Terminalia arjuna Wight & Arn.—A Useful Drug for Cardiovascular Disorders
Shridhar Dwivedi

Available online at www.sciencedirect.com
Journal of Ethnopharmacology 114 (2007) 114–129
Preventive Cardiology Group, University College of Medical Sciences, University of Delhi, Delhi 110095, India
Received 3 December 2006; received in revised form 3 August 2007; accepted 7 August 2007
Available online 10 August 2007

Ancient Indian physicians used the powdered tree bark of Terminalia arjuna Wight & Arn. for alleviating “hritshool” (angina) and other
cardiovascular conditions. Its stem bark possesses glycosides, large quantities of flavonoids, tannins and minerals. Flavonoids have been detected
to exert antioxidant, anti-inflammatory and lipid lowering effects while glycosides are cardiotonic, thus making Terminalia arjuna unique amongst
currently used medicinal plants. In this review an attempt has been made to discuss various aspects of its ethnomedical, pharmacognostical,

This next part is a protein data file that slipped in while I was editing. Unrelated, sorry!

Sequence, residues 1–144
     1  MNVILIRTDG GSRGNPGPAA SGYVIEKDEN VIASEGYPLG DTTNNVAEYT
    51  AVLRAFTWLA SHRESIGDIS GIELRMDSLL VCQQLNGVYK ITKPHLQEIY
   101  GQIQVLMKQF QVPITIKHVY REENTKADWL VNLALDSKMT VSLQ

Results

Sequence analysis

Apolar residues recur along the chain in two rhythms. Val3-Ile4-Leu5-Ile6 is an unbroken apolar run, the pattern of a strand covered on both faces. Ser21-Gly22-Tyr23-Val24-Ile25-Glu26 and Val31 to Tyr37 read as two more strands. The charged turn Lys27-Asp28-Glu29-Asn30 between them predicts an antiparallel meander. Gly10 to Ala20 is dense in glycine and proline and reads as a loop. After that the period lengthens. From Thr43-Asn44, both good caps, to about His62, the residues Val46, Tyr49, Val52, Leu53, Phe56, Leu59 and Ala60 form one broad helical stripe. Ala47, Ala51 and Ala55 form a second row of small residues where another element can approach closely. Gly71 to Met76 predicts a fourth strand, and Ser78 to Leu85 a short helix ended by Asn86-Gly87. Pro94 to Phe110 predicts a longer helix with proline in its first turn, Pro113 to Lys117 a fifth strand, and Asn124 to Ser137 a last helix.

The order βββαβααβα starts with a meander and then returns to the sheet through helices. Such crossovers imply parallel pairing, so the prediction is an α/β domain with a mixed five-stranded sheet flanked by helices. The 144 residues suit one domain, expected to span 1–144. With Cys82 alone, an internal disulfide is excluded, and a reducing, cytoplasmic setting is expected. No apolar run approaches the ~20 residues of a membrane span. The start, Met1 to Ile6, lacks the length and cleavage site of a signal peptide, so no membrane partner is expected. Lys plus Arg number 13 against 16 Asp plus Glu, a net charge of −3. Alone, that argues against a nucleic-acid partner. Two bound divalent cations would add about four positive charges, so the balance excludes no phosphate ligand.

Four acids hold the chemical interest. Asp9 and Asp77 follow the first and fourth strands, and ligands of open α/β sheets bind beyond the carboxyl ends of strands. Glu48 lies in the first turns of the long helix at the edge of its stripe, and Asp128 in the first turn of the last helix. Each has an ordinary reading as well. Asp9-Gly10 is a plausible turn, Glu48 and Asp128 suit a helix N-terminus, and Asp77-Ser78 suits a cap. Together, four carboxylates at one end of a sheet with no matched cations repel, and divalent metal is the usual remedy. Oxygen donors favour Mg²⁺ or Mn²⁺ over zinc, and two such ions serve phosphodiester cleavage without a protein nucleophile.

phytochemical, pharmacological and clinical relevance to cardiovascular conditions. Experimental studies have revealed its bark exerting significant
inotropic and hypotensive effect, increasing coronary artery flow and protecting myocardium against ischemic damage. It has also been detected
to have mild diuretic, antithrombotic, prostaglandin E2 enhancing and hypolipidaemic activity. There is ample clinical evidence of its beneficial
effect in coronary artery disease alone and along with statin. However, toxicological studies in experimental animals are lacking. Considering
its anti-ischemic activity and its potential to correct dyslipidemia, reduce left ventricular mass and increase left ventricular ejection fraction, it is
essential to examine the molecular mechanism of its action and its core constituents. Proposition to administer Terminalia arjuna along with statins
deserves to be explored in depth for defining its place in the over all management and prevention of coronary artery disease.
© 2007 Elsevier Ireland Ltd. All rights reserved.